The insanity continued in May. UFC and NASCAR returned without fans. A South Korean soccer team was penalized for filling the stands with sex dolls. NBA players started talking about finishing the season. Reports were surfacing that the MLB could be starting as early as May 31. On the personal side, my wedding was back on, but a completely different venue and guest list than we had planned. 



I am starting this month with the personal news. I married the greatest person in the world on June 13. It was not the ceremony we had planned, but was still a great day. In the sports world, MLB owners were fighting with the Player’s Association. The NBA and NHL were planning “bubbles” to finish their seasons. NFL and CFB talk was heating up. Reporters were jumping all in on the doom and gloom train to preach about the dangers of playing sports, especially at the college level.



MLB’s 60-game season started July 23. The NBA set July 31 to start play in the bubble. College football was still a question mark. The NFL was moving full speed ahead. The NHL was also pursuing the bubble model with qualifiers starting Aug. 1. I continued writing and started diving into sports topics.



The Big Ten announced a 10 game conference only schedule for football. The Big Ten then cancelled all fall sports, including football. The Cubs started off hot and looked like a World Series contender. The NFL started training camps. The Rock and Dany Garcia led a group of investors that purchased the XFL for 15 million dollars. NBA playoffs started and the Phoenix Suns did not make it despite being the only undefeated team in the bubble. The NHL restarted their season and, other than no fans in stands, sports were back for most part. Personally, I began my campaign to fire Kevin Warren and continued to deep dive into the world of podcasts as a listener.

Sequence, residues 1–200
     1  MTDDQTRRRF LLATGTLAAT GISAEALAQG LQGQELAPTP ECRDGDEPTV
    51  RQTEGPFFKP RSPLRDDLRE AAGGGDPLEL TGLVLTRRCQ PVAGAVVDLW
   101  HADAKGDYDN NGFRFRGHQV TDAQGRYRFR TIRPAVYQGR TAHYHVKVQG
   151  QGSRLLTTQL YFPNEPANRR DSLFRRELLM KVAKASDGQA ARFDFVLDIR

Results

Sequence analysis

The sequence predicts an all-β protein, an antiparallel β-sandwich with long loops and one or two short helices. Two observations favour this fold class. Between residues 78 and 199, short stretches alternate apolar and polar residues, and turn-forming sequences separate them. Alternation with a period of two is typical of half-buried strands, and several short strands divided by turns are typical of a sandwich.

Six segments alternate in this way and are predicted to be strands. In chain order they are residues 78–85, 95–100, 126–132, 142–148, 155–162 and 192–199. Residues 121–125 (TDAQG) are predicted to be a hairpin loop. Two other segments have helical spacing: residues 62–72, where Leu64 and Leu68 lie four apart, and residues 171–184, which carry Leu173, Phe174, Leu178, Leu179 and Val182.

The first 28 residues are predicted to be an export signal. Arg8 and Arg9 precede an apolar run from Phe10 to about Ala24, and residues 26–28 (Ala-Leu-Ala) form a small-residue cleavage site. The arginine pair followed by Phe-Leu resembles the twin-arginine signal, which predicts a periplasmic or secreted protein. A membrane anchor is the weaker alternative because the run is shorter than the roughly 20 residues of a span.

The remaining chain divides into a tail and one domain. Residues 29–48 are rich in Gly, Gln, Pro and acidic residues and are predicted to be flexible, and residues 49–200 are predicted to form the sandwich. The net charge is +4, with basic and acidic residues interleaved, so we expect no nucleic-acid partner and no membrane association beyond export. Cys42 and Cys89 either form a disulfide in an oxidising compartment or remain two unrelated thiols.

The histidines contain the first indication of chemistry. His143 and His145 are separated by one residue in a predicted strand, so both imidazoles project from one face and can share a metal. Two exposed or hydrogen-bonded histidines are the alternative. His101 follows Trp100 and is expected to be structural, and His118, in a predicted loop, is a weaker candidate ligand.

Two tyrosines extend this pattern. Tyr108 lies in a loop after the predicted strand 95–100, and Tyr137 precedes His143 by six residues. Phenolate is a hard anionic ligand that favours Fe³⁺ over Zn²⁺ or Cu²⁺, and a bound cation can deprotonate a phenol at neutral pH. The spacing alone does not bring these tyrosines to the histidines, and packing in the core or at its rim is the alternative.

Under immense pressure from fans, players and player’s families the Big Ten reversed the decision to cancel the season. Instead, a slimmed down eight game schedule would be played in eight weeks. The conference also announced that teams would have to play at least six games to qualify for a conference championship. Iowa football got off to a rocky start losing back-to-back games. The NBA playoffs concluded with the Miami Heat facing the Los Angeles Lakers for the championship. The Tampa Bay Lightning won the Stanley Cup. The Cubs continued to win, though did slow down after a 12-3 start to the season and made the playoffs. The NFL season started and the Bears started hot before benching Mitch Trubisky for Nick Foles in Week 3. The start of the NFL season also saw several injuries to start, including Saquon Barkley and Christian McCaffrey. Football, college and professional, and the MLB had games cancelled and rescheduled due to coronavirus outbreaks. I continued to write and stay active on Twitter, just hoping someone would notice.